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Robinson's Guide to Richmond (1833)

Part 3
Trinity Chapel

Trinity Chapel

IN the centre of the spacious Market-place, stands the TRINITY CHAPEL, an uncouth looking building:- its origin is lost in the mists of antiquity, but it is said to have been re-built about the year 1360. In 1712 it ceased to be used as a place of worship, and was for some years in a ruinous condition; but about 1744, it was again repaired by the corporation, who claim the appointment of the minister. The north aisle (which fronts the Marketplace) is partitioned off, and used as the Consistory court for the archdeaconry of Richmond. It may here be noticed, as a singular fact, that, five hundred years ago, a kinsman of the well known Prince Talleyrand de Perigord; was archdeacon of Richmond! Elias Talleyrand was appointed to that dignity by the Pope in the year 1322: in his letters of collation, he is styled "germanus nobilis viri Archambaudi comitis Petragoricensis," i.e. "the cousin-german of the noble gentleman; Archambaud, count of Perigord." In the list of archdeacons annexed to the history of Richmond, he is, by a casual mistranslation, styled "a German," without mentioning the Perigord family. At a little distance is the Market Cross, erected in 1771; beneath it is a reservoir, calculated to contain about twelve thousand gallons of water, which is brought from Aislabeck spring, about two miles distant, and distributed from this point to the different parts of the town. Behind the Trinity chapel is the Guild, or Town-hall, containing the court where the borough sessions are held; and a spacious room used for public meetings, &c.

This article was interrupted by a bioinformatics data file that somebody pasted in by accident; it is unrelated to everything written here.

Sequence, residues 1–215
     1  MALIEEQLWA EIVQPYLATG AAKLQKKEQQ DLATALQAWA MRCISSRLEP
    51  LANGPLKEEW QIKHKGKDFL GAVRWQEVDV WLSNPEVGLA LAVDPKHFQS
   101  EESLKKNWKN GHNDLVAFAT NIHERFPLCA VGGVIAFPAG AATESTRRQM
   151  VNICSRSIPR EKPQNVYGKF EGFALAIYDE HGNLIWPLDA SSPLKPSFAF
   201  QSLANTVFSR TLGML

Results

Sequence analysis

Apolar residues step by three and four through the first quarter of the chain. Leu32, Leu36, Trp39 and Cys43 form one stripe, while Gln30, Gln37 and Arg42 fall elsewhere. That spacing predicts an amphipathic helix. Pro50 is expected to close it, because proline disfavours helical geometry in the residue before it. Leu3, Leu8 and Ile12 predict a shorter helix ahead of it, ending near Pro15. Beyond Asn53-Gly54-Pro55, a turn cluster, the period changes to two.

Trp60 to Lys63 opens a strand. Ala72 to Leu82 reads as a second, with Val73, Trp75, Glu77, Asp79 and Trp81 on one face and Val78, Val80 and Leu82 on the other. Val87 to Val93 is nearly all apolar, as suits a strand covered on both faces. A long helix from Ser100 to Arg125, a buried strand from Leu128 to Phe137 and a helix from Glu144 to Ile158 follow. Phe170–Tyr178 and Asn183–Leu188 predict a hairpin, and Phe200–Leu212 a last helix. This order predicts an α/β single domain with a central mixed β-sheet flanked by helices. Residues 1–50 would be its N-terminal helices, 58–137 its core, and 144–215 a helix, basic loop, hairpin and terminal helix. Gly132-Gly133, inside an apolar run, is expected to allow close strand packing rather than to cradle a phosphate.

PASSING along French-gate, we come to the PARISH CHURCH:

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Data transcribed from:
Robinson's Guide to Richmond (1833)
Scan, OCR and html software by Colin Hinson.